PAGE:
Unveiling a Transformed Indian Defence Sector: A Gradual Result of Long Drawn Plans of Action

Sub Title : The country's defence reforms are intended to support the objective of self reliance

Issues Details : Vol 16 Issue 5 Nov – Dec 2022

Author : Sandeep Surana, Director, Aashna Nahar, Associate, Mehar Vasant, Associate

Page No. : 12

Category : Military Affairs

: December 15, 2022

India has introduced substantive defence reforms. As the armed forces need to continually enhance their prowess due to rapidly evolving technologies and the fast changing character of war, capability development through technological enhancement and innovation are an imperative. The country’s defence reforms are intended  to support these goals as well as the objective of self reliance


The Ministry of Defence initiated substantive reforms in the year 2020 keeping in mind that a transformation today is for a better tomorrow. Its steps included not only earmarking large funds as budget allocations for domestically made defence equipment but also formulating new and tweaking the already existing policies to promote self-reliance with an efficient mechanism. The stride has not come to a halt ever since. A visible sense of purpose and increased transparency as to why and how the Government plans to achieve the end result of becoming a worldwide leader in defence has increased the national as well as global faith and trust. This has resulted in increased participation by those Indian nationals who were not previously involved in providing for the defence sector and in new export-import transactions. The changes introduced and implementation of those were the need of the hour and data shows that they have been duly absorbed and accepted by the economy as well.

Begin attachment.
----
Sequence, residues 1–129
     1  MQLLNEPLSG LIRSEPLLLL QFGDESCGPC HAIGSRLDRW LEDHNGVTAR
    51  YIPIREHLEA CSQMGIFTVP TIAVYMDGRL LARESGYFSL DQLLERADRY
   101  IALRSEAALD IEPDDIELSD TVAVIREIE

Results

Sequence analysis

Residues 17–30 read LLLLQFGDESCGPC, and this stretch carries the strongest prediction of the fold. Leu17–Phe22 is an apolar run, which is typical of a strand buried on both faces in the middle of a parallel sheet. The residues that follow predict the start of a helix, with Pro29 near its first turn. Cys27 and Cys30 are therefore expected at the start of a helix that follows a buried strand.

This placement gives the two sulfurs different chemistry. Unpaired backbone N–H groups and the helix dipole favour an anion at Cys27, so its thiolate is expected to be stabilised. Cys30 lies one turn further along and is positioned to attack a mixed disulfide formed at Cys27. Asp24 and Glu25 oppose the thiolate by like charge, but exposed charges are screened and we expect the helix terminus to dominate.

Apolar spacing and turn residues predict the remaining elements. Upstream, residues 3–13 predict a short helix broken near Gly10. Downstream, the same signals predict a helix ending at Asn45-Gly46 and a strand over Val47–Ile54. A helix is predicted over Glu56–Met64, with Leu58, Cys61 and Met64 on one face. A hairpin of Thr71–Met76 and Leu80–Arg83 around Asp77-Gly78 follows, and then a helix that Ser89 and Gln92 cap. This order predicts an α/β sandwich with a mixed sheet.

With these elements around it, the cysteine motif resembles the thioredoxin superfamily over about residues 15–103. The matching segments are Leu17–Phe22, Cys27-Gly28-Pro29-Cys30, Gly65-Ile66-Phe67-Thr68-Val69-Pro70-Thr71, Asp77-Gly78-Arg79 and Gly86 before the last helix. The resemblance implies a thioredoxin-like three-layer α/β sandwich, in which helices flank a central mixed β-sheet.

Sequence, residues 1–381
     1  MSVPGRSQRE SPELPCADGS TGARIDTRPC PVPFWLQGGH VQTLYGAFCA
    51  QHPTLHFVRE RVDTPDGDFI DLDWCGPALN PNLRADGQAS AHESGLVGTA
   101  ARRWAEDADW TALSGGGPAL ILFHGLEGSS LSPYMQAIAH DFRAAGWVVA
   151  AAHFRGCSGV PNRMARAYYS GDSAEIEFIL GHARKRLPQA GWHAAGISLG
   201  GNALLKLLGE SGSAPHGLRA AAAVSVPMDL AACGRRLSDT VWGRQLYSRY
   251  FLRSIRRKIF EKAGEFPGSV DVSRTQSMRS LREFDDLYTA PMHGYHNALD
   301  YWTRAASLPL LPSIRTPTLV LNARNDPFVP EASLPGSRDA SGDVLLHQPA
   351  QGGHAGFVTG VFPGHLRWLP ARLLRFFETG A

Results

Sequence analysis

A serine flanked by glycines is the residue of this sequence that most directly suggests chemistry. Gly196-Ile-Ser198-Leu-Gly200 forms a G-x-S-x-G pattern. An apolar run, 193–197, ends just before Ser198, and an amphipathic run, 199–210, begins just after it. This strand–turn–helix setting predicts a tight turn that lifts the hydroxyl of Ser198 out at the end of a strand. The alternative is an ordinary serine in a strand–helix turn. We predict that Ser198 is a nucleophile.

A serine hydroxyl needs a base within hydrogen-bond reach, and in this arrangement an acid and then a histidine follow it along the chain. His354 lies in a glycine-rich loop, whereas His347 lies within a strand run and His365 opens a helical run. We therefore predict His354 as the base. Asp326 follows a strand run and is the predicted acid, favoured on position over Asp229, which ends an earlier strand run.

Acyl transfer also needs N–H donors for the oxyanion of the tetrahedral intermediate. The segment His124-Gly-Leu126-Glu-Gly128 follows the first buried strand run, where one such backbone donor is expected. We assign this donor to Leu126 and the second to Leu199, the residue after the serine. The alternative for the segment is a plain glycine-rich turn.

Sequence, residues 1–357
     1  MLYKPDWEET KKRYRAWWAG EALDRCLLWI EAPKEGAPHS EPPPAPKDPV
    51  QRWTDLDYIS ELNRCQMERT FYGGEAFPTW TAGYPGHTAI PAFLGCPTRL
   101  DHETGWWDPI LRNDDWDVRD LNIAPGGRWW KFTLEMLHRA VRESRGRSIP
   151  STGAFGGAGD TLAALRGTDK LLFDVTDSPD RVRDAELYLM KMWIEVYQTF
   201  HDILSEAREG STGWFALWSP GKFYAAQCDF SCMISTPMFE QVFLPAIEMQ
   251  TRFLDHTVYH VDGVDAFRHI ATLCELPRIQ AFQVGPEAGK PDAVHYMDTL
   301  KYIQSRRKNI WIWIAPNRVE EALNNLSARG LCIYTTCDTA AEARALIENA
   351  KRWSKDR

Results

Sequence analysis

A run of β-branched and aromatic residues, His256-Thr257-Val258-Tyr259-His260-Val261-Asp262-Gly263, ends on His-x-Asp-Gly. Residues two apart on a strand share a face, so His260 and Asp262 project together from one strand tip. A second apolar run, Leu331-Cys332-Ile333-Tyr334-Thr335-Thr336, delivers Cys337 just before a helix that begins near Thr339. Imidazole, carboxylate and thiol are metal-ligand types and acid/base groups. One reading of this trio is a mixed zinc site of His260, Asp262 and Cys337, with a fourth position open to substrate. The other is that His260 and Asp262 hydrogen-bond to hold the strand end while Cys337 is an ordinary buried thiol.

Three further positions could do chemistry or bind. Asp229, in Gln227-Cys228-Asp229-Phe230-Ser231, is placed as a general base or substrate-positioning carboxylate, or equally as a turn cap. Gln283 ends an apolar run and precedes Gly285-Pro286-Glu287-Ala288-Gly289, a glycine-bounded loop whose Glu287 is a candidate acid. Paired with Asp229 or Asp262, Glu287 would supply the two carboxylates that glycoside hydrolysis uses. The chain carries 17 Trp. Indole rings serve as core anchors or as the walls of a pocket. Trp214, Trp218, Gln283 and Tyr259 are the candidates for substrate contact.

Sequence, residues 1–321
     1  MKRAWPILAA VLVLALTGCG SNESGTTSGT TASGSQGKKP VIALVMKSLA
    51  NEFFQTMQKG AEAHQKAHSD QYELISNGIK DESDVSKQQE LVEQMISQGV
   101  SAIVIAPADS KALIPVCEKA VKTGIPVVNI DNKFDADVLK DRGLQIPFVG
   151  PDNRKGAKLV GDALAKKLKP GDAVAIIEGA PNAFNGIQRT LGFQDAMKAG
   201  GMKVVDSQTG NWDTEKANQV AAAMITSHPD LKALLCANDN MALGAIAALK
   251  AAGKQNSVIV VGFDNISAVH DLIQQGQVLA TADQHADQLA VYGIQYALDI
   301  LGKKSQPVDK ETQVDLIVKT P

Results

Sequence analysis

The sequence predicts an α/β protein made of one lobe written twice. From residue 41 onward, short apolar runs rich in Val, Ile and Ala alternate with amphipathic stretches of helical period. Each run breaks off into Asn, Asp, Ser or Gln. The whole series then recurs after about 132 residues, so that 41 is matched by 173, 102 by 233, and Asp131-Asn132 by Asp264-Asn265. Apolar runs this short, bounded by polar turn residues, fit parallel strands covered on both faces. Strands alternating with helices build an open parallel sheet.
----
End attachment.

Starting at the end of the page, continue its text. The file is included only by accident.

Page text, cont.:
From ‘Defence Procurement Procedure, 2016’ To ‘Defence Acquisition Procedure, 2020’

The Ministry of Defence revealed the new manual for capital acquisition, Defence Acquisition Procedure, replacing the erstwhile Defence Procurement Procedure, in September of 2020. Though the essence in the new manual remains the same it attempts to enhance the already-existing elements in a way that India’s agenda of self-reliance is promoted.

Corporatisation of The Ordnance Factory Board Into 7 DPSUS

The Government of India, converted 41 Ordnance Factories under the  Ordnance Factory Board (OFB) into 7 Defence Public Sector Undertakings (DPSUs), dissolving the OFB on 01 October 2021, with a view to enhance functional autonomy and efficiency and introduce fresh growth potential and research ability and at the same time increase accountability of  the Government entities utilizing public funds. The employees’ federations and associations had some concerns for those working in the Ordnance Factories, which the Government addressed through regular discussions. The new state-owned corporate entities are as follows: Munitions India Ltd (MIL), Armoured Vehicles Nigam Ltd (AVANI), Advanced Weapons and Equipment India Ltd (AWE India), Troop Comforts Ltd (TCL), Yantra India Ltd (YIL), India Optel Ltd (IOL) and Gliders India Ltd (GIL).